Instructables

One Cent Arrowhead

Picture of One Cent Arrowhead
intro: in this instruct-able, I will show you how to make an arrowhead for one cent. 
 
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Step 1: Materials

Picture of Materials
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Step 1: Gather Materials
 
you will need
1 Hammer
1 Set of scissor-like incredibly strong  cutting device. (must be able to cut a penny)
1 Penny
Vice (semi-optional, you can probably get it to work without, but it makes life easier)
whetstone
flat head screw driver

Step 2: Making the arrow head

Picture of making the arrow head
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Step1: 
       use the hammer to flatten the penny as thin as possible without tearing the metal
besides making it sharper it work hardens the metal, making it stronger.
Step2:
      cut the penny into a sharp wedge shape, about 30 degrees.

Step 3: Making the arrowhead 2

Picture of making the arrowhead 2
Cut of the round bottom of the arrowhead.

Step 5: Sharpening

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using the whet stone sharpen the edges at about a 27 degree angle. pay special attention to the tip. 

now your ready to attach the arrowhead.
cepinstruct9 months ago
I've seen this before and when I tried it I couldn't get the penny right. So I used a quarter and just cut it without hammering it. Worked great.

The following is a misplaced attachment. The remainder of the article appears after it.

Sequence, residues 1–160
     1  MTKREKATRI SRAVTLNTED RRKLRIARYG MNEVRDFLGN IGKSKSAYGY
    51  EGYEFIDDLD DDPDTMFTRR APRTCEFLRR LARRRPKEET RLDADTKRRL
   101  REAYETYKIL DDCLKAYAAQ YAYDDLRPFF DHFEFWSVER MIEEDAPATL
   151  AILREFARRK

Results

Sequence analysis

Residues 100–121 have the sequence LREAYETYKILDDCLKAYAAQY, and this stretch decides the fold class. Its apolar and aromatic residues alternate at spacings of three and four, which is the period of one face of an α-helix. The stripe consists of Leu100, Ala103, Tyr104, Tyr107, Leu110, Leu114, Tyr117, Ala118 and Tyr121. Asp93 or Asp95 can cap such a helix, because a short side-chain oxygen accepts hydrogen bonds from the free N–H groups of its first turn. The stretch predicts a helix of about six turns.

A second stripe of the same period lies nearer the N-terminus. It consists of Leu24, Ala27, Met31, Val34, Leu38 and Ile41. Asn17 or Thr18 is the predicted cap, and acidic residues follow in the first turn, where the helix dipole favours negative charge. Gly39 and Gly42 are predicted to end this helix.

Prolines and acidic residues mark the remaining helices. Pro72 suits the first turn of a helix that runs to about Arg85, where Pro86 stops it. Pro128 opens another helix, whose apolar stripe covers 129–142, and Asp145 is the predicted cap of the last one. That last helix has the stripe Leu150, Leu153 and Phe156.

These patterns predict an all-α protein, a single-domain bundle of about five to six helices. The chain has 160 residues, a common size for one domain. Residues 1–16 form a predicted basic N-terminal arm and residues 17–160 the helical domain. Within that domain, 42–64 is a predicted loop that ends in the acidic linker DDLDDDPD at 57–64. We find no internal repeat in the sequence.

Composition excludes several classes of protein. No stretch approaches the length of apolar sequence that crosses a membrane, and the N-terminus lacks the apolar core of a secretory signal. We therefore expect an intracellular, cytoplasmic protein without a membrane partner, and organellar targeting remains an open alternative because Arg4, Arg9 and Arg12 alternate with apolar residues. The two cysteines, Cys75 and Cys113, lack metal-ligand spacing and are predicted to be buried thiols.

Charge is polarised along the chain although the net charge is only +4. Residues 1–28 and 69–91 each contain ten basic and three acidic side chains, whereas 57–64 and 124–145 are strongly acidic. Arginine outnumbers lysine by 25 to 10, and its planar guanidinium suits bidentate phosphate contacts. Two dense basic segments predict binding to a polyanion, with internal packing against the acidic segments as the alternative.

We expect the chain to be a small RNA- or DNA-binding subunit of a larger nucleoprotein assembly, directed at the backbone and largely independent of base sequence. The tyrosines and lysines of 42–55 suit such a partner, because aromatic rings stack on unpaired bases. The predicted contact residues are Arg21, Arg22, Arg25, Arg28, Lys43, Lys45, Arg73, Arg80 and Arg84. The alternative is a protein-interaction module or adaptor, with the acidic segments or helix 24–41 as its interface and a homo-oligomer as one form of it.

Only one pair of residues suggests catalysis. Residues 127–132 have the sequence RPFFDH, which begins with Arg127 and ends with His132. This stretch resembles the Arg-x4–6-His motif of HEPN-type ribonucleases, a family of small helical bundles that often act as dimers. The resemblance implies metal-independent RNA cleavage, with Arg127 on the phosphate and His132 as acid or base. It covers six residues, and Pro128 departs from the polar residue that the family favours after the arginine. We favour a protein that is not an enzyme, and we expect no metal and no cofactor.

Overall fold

jamob11 months ago
Melt and mold it into an arrow shape and will look much better and easier to shape, use a torch and pennies. It's not illegal to destroy coins to harvest the materials that make them
There's a fun discussion of the relative merits of pennies versus nickles (if i remember correctly) as arrowheads toward the end of George Stewart's post-apocalyptic novel _Earth Abides_. Your Instructible made me think of a favorite book I haven't thought of in like 20 years.
Question: Does anyone have experience doing this with very heavy gauge copper wire?
35Timmy1 year ago
(removed by author or community request)
Thanks for mentioning the URL, it has nothing to do with coins minted by the Treasury Department. That particular code only relates to Federal Reserve Notes and similarly paper issued by other private banks (even the so-called "Federal" Reserve Banks.)

LONG STORY:
Here's the pertinent part:

"§ 333.  Mutilation of national bank obligations.
Whoever mutilates, cuts, defaces, disfigures, or perforates, or unites or cements together, or does any other thing to any bank bill, draft, note, or other evidence of debt issued by any national banking association, or Federal Reserve bank, or the Federal Reserve System, with intent to render such bank bill, draft, note, or other evidence of debt unfit to be reissued, shall be fined under this title or imprisoned not more than six months, or both.
[Codified to 18 U.S.C. 333]"

Federal Reserve Notes (so-called dollar bills) are "evidences of debt" and although they are denominated in dollars, they are actually a "note" which is the same as an I-Owe-You promise to pay.

SHORT:
Coins are minted by the united states and are not the same as "national bank obligations."